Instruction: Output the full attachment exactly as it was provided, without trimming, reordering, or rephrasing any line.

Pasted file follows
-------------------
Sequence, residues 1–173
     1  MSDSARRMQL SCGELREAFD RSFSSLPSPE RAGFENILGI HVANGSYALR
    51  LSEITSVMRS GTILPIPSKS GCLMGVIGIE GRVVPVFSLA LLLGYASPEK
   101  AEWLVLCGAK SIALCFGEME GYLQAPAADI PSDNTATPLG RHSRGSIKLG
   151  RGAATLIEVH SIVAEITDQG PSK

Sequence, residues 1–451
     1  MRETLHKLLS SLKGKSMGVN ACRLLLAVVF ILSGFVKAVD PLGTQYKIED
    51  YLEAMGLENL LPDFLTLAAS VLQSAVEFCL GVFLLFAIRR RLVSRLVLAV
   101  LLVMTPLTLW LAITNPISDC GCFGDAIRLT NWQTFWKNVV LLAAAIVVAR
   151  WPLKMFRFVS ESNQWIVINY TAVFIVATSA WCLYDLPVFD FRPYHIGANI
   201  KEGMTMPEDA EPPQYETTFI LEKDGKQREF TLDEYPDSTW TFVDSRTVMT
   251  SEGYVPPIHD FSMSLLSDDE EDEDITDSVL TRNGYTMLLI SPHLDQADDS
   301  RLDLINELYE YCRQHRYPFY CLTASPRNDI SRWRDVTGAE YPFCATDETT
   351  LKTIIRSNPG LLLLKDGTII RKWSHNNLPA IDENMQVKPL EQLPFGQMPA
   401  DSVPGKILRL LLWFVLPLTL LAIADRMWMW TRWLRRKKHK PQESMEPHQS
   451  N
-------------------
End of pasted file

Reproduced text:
Sequence, residues 1–173
     1  MSDSARRMQL SCGELREAFD RSFSSLPSPE RAGFENILGI HVANGSYALR
    51  LSEITSVMRS GTILPIPSKS GCLMGVIGIE GRVVPVFSLA LLLGYASPEK
   101  AEWLVLCGAK SIALCFGEME GYLQAPAADI PSDNTATPLG RHSRGSIKLG
   151  RGAATLIEVH SIVAEITDQG PSK

Sequence, residues 1–451
     1  MRETLHKLLS SLKGKSMGVN ACRLLLAVVF ILSGFVKAVD PLGTQYKIED
    51  YLEAMGLENL LPDFLTLAAS VLQSAVEFCL GVFLLFAIRR RLVSRLVLAV
   101  LLVMTPLTLW LAITNPISDC GCFGDAIRLT NWQTFWKNVV LLAAAIVVAR
   151  WPLKMFRFVS ESNQWIVINY TAVFIVATSA WCLYDLPVFD FRPYHIGANI
   201  KEGMTMPEDA EPPQYETTFI LEKDGKQREF TLDEYPDSTW TFVDSRTVMT
   251  SEGYVPPIHD FSMSLLSDDE EDEDITDSVL TRNGYTMLLI SPHLDQADDS
   301  RLDLINELYE YCRQHRYPFY CLTASPRNDI SRWRDVTGAE YPFCATDETT
   351  LKTIIRSNPG LLLLKDGTII RKWSHNNLPA IDENMQVKPL EQLPFGQMPA
   401  DSVPGKILRL LLWFVLPLTL LAIADRMWMW TRWLRRKKHK PQESMEPHQS
   451  N